Crisis as Opportunity: Illegal Markets under Crisis Conditions
Markets are continuously emerging and disappearing. This is especially observable in the case of illegal markets, where the conditions that enable exchange are much more contingent. In this sense, hyperinflation or post-war depression could be observed as phenomena of socio-economic instability that facilitate the emergence of illegal markets, or that change the structure of the existing ones. The project aims to shed light on the interaction of illegal markets with situations characterized by a sudden loss of purchasing power or the expectancy of that loss. It thus seeks to contribute to the study of the mechanisms that promote the exchange of illegal goods in a context of economic crisis. After a first phase of project design and fieldwork, the project analyzes the rise of the market for counterfeit clothing in the context of the 1980s hyperinflation and the 2001 economic crisis in Argentina. The project centers on the market known as La Salada. Project duration: October 2011 to December 2017.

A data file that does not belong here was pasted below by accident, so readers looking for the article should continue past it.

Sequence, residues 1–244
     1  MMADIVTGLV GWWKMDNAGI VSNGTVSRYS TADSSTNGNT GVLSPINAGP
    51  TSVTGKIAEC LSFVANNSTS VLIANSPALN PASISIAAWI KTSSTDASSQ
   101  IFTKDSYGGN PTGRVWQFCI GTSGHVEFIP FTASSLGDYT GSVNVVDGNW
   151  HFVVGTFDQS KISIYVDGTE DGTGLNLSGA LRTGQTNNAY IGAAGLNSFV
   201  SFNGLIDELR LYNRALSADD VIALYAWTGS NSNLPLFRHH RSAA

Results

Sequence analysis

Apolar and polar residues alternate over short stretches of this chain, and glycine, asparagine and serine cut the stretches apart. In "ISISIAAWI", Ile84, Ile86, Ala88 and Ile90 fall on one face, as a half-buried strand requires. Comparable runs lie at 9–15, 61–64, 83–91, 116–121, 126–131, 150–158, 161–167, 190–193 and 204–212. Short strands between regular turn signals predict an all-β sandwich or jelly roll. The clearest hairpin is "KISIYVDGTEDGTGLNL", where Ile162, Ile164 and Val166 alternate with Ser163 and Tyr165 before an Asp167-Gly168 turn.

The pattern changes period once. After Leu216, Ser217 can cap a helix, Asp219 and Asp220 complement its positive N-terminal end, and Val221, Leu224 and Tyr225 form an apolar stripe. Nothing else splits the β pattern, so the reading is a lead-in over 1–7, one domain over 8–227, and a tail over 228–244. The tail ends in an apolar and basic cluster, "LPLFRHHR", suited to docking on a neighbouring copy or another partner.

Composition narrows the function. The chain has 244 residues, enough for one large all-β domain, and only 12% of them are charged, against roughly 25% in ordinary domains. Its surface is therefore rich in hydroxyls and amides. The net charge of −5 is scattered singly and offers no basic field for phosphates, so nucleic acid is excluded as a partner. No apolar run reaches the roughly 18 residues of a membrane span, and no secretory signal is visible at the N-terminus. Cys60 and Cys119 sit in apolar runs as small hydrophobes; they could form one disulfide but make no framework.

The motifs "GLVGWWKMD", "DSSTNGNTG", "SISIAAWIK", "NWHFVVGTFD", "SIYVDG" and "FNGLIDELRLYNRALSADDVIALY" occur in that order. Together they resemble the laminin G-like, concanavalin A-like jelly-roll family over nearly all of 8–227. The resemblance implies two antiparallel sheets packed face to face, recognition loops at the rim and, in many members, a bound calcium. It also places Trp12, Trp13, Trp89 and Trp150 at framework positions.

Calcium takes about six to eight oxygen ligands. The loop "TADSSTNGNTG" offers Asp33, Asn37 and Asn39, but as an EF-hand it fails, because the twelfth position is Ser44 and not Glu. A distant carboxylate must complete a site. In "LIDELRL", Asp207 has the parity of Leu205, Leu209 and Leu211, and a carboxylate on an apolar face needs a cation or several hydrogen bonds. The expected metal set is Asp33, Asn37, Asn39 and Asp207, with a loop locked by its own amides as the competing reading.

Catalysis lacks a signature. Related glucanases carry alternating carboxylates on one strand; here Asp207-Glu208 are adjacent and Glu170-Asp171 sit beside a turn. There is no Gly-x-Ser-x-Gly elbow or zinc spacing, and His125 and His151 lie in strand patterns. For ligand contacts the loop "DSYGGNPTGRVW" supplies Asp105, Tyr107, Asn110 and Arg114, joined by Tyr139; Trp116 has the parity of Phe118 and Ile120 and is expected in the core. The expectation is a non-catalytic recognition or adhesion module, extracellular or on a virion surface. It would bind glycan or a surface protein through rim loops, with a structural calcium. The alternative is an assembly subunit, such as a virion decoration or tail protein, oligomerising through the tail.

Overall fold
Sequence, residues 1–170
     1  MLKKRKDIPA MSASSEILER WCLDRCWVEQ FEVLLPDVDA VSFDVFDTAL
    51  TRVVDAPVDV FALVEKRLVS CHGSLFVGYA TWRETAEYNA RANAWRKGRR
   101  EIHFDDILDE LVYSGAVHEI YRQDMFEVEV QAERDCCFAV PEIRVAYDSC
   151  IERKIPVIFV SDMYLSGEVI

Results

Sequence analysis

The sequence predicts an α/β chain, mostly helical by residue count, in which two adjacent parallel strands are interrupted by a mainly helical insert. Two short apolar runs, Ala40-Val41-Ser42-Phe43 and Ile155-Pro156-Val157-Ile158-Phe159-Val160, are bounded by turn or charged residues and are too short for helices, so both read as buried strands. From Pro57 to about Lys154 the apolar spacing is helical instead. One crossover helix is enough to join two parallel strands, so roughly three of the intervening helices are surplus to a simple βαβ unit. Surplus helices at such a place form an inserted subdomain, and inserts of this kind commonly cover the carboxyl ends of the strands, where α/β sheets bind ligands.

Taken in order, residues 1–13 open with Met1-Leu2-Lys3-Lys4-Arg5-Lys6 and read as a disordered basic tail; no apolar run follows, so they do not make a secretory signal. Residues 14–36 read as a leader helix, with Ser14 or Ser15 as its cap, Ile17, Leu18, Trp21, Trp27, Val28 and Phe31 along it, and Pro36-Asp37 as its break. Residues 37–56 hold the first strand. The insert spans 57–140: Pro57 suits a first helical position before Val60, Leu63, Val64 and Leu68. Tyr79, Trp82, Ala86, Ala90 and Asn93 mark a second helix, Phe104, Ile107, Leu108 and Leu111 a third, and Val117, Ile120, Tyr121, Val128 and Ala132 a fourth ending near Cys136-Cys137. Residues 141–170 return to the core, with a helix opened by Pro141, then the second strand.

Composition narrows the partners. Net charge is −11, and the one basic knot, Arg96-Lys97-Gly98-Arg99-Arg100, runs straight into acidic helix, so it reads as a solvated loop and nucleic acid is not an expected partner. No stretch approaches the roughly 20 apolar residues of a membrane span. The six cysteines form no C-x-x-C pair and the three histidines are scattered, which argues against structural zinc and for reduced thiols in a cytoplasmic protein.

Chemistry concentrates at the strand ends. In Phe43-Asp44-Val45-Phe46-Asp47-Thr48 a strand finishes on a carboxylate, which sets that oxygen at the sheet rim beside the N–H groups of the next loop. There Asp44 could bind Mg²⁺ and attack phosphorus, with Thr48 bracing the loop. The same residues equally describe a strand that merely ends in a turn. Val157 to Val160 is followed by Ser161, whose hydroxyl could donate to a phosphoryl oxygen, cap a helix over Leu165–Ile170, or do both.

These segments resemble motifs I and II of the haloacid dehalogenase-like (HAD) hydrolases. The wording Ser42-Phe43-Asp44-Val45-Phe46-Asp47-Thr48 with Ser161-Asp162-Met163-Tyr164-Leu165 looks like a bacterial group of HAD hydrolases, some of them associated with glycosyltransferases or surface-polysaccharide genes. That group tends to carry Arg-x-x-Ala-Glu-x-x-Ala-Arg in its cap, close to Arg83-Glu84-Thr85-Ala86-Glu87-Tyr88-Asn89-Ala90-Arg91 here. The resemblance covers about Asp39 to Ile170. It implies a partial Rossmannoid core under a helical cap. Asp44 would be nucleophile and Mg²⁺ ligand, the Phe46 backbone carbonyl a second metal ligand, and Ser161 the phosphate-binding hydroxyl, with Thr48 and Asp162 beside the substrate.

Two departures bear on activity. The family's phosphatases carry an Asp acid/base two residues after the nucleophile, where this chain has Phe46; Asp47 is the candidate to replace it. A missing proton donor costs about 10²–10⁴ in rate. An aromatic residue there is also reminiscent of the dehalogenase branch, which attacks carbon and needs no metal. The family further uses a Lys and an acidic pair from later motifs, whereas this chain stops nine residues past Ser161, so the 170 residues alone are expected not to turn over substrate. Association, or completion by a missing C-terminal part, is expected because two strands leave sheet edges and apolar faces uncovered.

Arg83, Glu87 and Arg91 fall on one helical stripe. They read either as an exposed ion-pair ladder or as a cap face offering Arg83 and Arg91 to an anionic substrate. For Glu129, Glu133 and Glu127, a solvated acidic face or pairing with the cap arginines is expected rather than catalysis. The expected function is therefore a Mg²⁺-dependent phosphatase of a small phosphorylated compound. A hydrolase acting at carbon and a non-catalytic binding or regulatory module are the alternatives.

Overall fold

Dewey, Matías, 2014: Taxing the Shadow: The Political Economy of Sweatshops in La Salada, Argentina. MPIfG Discussion Paper 14/18. Cologne: Max Planck Institute for the Study of Societies.
Dewey, Matías/Daniel Pedro Míguez/Fabián Saín, 2016: The Strength of Collusion: A Conceptual Framework for Interpreting Hybrid Social Orders. In: Current Sociology, published online Aug. 5, 2016, DOI: 10.1177/0011392116661226, 1-16.
Dewey, Matías, 2016: The Organization of Market Expectations beyond Legality: Towards new Distinctions in Luhmann’s Theory of Systems. In: Giancarlo Corsi/Alberto Febbrajo (eds.), Sociology of Constitutions: A Paradoxical Perspective. London: Ashgate.